Despite its title, the main charm of this book isn’t the Little Miss Apple Pie pageant, but rather Clara’s interactions with her friends and family, and the way she deals with balancing her Korean identity with her American one. Clara is determined to win the Little Miss Apple Pie contest and even has her winning outfit planned out. “If I won, I knew just what I would wear. The dress Grandpa bought me in Korea…It’s Korean style, with a skirt the color fruit punch and a white jacket with rainbow-striped sleeves, and best of all, a long bow.” (Pg. 14) Unfortunately, Clara hates making speeches, and making a big one in front of the school is part of the contest rules. One night, Clara has an awful dream about her grandfather (with whom she’s very close) that leaves her shaken. But according to her grandfather, in Korean culture, dreams involving death portend good luck, and Clara’s is about to change! And sure enough, Clara begins experiencing an upswing–she conquers the dreaded rope climbing exercise in P.E., her friend Max shares his cookies with her (unusual because he’s not a sharer), and a secret admirer leaves a candy necklace in her desk.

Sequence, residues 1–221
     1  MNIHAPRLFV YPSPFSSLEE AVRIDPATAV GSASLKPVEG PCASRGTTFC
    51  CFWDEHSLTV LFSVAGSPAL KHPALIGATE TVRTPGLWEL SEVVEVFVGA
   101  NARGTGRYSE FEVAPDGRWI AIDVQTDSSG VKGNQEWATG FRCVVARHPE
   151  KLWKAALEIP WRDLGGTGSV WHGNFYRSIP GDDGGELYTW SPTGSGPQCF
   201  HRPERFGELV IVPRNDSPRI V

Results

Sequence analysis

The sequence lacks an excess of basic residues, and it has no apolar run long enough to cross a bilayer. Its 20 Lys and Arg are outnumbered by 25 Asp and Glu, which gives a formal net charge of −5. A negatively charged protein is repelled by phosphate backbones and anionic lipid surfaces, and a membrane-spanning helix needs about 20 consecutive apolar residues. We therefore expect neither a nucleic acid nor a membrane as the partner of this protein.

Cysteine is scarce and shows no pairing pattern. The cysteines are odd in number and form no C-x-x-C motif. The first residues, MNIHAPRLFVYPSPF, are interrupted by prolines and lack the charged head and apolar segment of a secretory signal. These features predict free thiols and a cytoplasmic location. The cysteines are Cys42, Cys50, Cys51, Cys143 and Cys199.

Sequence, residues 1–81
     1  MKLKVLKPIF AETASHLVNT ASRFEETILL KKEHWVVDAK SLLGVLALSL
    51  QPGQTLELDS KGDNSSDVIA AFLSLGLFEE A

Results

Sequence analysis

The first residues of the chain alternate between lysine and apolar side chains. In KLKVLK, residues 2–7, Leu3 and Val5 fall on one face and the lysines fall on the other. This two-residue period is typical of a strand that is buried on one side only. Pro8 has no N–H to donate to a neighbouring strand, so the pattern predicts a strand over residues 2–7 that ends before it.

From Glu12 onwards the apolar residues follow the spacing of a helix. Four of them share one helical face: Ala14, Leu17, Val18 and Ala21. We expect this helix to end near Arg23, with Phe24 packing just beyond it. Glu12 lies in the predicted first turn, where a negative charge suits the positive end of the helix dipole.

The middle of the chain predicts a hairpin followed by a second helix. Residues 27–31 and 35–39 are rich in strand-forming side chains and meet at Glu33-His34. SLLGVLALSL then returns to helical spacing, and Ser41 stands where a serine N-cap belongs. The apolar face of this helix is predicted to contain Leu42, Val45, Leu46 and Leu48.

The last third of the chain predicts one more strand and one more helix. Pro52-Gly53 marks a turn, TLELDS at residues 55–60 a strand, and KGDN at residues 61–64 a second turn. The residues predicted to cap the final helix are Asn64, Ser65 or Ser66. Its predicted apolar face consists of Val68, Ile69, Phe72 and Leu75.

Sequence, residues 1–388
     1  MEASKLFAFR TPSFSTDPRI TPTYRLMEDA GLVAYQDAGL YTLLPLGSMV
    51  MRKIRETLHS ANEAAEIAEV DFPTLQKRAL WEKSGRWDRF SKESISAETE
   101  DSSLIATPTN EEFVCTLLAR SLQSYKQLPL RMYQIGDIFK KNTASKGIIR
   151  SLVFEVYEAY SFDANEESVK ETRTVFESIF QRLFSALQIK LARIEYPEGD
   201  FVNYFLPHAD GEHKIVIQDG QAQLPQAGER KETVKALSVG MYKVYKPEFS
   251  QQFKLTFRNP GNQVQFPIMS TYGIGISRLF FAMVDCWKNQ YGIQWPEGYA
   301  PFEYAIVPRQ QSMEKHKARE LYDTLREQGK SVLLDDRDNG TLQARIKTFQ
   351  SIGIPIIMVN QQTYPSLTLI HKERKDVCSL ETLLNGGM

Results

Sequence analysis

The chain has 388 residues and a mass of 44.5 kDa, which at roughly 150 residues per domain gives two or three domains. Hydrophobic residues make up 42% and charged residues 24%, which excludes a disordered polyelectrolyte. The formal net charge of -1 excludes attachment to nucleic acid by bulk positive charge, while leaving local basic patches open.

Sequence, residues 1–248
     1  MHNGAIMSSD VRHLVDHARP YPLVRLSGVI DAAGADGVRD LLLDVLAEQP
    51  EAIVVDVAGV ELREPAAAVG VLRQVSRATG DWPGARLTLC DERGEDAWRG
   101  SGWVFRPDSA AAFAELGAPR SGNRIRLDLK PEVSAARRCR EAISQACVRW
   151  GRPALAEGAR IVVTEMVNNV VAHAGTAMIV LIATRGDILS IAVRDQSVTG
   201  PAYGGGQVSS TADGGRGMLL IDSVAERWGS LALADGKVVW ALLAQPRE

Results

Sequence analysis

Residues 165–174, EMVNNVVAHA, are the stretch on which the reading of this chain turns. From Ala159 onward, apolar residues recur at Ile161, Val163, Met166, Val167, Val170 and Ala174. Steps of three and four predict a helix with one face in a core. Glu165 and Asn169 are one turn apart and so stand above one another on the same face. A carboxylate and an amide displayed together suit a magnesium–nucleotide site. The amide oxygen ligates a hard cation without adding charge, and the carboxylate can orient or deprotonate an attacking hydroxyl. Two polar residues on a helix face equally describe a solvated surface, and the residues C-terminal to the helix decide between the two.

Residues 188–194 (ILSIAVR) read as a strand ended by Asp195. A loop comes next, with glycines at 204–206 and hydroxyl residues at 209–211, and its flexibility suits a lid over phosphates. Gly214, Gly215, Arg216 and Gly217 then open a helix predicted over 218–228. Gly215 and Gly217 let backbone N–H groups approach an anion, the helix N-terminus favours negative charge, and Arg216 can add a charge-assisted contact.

Even though “luck” is now on Clara’s side, she still contends with everyday issues, such as trying to get along with her younger sister, Emmeline, dealing with a friendship rift, and trying to prove that she’s just as American as anyone else.  When fellow rival, Dionne Gregory implies that Clara isn’t American enough to be Little Miss Apple Pie, Clara feels saddened and confused. “Wasn’t my family as American as apple pie, too? Grandpa came from Korea, but both my mom and dad were born in America, just like me. I deserved to have a shot at Little Miss Apple Pie as much as Dionne did. Didn’t I?” (Pg. 80)  Han handles Clara’s dilemma with sensitivity, and simple, clear language that conveys the feeling of being Othered. With her family and friends rallying for her, Clara realizes that she’s just as much of a contender for the pageant title as anyone. Her touching speech about interconnectedness and the sense of community in Bramley certainly won me over! I won’t tell you what happens, but the ending was definitely satisfying, like a slice of warm apple pie with a scoop of French vanilla ice cream! For readalikes, please check out Grace Lin’s Year of the Dog and Maria G. Lee’s F is for Fabuloso.

Copy kindly provided by Little, Brown.